I traveled to New York last week, and was blessed to be able to take time to visit the 9/11 Memorial and Museum at Ground Zero.
The grounds are simple and beautiful: Two reflecting pools; a list of names representing the lives that were lost; and greenery and trees that quietly remind us of nature’s comeback. This is in the shadow of the new Freedom Tower, a majestic skyscraper that glistens in the New York sun.
Amidst all of this peace, though, there is an undeniable vibe of despair.
I actually wasn’t sure how to get to the memorial from where I began Friday morning in SoHo, so I began walking in the direction of the Freedom Tower, which I caught glimpses of as I made my way down the narrow streets.
I had a good morning — I’d just acted like a silly fangirl at the temporary Central Perk that has been constructed in honor of the 20th anniversary of the show Friends. I snapped photos, talked with other fans, sipped free coffee and sat on the original couch from the set. That night I had plans to have dinner with a friend I hadn’t seen in over two years. My mood was nothing short of jovial.
But the closer I got to the site of the tragedy, the more nauseous I began to feel. Without glancing up or looking at street signs, I knew exactly when I had arrived at Ground Zero from the sick feeling I got, which was like an energy physically pulling the joy from my body.
A little dizzy and a lot haunted, I began to survey they area. The construction currently going on gave me flashbacks of the hundreds of news reports I watched of workers looking for survivors amidst the horrible smoldering pile of death and debris. The well-dressed business people making their way to and from lunch sent me into a memory of office workers that day in their professional attire, running in horror from their soon-to-be-former workplace. The visitors openly weeping at the reflecting pools reminded me that some tragedies will never truly end.
I walked from the memorial across the street to a beautiful little park along the marina and took a breath of fresh air before returning to the space where I had to purchase a museum ticket. I needed the break.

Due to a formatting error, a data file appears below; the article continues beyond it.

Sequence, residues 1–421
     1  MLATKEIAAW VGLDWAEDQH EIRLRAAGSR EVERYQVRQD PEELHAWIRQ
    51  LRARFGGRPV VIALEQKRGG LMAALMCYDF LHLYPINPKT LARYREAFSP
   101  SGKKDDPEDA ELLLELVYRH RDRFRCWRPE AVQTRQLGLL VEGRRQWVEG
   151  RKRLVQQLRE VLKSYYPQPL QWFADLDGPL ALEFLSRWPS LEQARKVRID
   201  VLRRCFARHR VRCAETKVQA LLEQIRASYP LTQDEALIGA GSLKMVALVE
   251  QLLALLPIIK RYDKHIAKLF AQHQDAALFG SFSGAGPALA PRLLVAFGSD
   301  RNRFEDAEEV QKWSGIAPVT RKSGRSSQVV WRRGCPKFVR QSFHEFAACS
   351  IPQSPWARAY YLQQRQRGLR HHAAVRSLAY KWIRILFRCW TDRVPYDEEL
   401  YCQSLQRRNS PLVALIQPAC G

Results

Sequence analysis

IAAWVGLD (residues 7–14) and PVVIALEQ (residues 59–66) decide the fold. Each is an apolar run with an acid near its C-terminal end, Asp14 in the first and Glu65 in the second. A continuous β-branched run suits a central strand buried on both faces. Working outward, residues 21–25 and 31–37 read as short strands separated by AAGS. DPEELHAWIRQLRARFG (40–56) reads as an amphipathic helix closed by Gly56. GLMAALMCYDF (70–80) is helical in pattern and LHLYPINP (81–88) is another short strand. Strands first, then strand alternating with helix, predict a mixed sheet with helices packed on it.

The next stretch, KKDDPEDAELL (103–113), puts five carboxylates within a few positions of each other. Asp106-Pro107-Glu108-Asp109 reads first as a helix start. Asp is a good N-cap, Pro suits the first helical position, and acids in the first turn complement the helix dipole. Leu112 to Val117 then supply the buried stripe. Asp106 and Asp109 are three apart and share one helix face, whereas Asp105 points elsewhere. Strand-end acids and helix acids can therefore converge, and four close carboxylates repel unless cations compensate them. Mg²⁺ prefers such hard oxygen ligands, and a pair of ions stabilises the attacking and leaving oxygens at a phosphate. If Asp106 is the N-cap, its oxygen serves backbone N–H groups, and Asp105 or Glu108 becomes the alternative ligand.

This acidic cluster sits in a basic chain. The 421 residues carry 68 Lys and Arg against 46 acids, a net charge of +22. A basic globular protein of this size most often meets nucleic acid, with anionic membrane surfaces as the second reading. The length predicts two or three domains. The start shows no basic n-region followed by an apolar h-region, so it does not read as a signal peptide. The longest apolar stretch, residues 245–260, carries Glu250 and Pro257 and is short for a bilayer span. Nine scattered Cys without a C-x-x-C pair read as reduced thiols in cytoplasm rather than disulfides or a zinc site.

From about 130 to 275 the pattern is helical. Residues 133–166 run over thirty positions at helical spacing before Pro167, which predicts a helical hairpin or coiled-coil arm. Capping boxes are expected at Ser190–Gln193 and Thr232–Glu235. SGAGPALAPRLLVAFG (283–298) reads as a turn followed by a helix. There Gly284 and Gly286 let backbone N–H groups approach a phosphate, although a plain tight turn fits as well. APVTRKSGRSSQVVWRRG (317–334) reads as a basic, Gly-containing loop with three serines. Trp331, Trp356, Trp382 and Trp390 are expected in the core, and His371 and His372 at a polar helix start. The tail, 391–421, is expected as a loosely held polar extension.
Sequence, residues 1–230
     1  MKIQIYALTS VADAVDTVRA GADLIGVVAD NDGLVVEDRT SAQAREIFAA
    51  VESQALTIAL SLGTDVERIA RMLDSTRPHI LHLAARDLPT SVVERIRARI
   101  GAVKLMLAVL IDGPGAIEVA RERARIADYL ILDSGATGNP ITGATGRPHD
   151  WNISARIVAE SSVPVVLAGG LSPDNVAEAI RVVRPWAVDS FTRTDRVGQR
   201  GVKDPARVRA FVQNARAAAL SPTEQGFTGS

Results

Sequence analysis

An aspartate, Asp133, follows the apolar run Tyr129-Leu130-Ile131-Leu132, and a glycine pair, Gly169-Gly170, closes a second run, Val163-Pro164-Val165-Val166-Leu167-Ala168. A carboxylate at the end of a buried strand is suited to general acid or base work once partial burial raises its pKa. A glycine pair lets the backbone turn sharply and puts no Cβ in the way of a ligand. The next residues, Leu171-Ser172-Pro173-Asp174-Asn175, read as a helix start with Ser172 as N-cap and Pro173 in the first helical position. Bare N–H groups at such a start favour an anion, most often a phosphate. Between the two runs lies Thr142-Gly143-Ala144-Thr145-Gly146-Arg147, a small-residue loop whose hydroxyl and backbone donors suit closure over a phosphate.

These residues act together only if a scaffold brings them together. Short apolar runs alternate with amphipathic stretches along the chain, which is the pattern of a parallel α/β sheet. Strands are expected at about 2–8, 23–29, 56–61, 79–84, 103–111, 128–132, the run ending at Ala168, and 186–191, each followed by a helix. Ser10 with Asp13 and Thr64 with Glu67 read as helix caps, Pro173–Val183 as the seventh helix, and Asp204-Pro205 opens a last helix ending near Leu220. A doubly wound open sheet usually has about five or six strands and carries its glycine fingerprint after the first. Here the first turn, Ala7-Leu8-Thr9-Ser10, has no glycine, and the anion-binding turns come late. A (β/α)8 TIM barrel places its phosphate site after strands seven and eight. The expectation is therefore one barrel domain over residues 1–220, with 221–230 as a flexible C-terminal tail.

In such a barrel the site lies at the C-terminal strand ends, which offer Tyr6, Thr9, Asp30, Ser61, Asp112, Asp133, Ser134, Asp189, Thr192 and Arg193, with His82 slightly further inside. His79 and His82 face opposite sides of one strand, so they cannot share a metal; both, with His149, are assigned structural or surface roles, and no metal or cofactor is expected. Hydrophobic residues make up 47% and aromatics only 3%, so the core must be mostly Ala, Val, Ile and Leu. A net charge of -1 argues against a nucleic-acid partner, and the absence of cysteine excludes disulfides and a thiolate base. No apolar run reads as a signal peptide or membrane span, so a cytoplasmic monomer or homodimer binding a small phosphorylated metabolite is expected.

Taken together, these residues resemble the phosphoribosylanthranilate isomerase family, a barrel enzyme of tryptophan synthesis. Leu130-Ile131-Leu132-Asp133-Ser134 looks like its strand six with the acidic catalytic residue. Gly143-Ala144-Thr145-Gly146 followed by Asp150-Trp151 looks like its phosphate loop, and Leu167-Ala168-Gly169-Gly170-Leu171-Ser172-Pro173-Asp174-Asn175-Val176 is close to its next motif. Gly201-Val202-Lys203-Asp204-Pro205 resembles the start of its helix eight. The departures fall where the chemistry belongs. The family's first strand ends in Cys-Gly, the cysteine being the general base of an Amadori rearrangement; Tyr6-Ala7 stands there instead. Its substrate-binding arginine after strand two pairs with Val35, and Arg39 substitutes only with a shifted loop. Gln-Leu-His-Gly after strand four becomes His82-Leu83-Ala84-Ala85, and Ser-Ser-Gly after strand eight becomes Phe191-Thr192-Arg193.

When I decided I would run out of time to go in unless I returned, I quietly stood in line, listening to the British accents behind me and the French speaking friends in front of me. I thought about how lovely it was that they cared enough to visit.
My timed entrance was over an hour from when I bought the ticket, so I walked as far away from the site as I could to get the vibe off of me, bought and wrote some postcards to friends, and people watched.
When I returned, about 20 minutes before I was due to be admitted, I unfortunately got in line just ahead of one of the most obnoxious children I have ever encountered.
She was a skinny, brown-haired, freckle-faced brat that I would suppose was in the neighborhood of 12 years old. She was with her father and another female family member (but it couldn’t have been mom, because any mom would have told her to shut up).
In her high-pitched voice, she proceeded to loudly complain about the fact she was standing in “another” line and though our tickets were stamped for 1:30, we would surely not be out of there until 5:00. This whining drew looks from the people in front of me and the people behind them, and everyone to our left and right, English-speaking or otherwise.
Due to a complete lack of self-awareness, the girl continued.
Next on her list was verbally scripting a show, starring her and her dad (who was coaching her along and laughing with her). I forget what the plot was intended to be, but several times I heard her joke and giggle about being killed, killing, dying, etc.
People became uncomfortable, the looks shot in her direction were scathing and at one point I turned around and made direct eye contact with a look that screamed “please shut the fuck up.” None of this even phased her. She kept going, getting louder and louder with her stupid story.
By the time I had rehearsed the lecture I was going to deliver to her and her father about how inappropriate her behavior was at such a sacred site, it was our turn to go in, so I bit my tongue and got as far away from them as possible once I was inside.
I heard a couple with an indistinguishable accent speaking in hushed tones about how out of control the behavior of American children is, and I’m certain they were referencing her.
Of course kids get antsy as they sightsee with their parents. I get that. And I cut some slack to the toddlers, but adolescents???
I remember being less than thrilled about being dragged from one art museum to another when I was seven and we lived in Greece, but I never would have dreamed about joking and carrying on about an inappropriate subject matter outside any memorial or place of solemn reflection. And if I had, my parents would have quickly silenced me.
We were standing upon hallowed ground at the 9/11 Museum, an area where so many lost their lives and their loved ones grieved for them. I was witnessing our American history with people who had no connection to the site and people who were a part of it that day. The level of grief on display varied from silent acknowledgement to outright sobs of pain. It is still September, after all.
The girl (and her dad) should be horribly ashamed of her behavior and should serve as a lesson to the rest of us: To truly honor the victims of this horrible act, behave with reverence in the presence of their lost souls.
And if the site doesn’t mean anything to you, please don’t waste anyone’s time by visiting.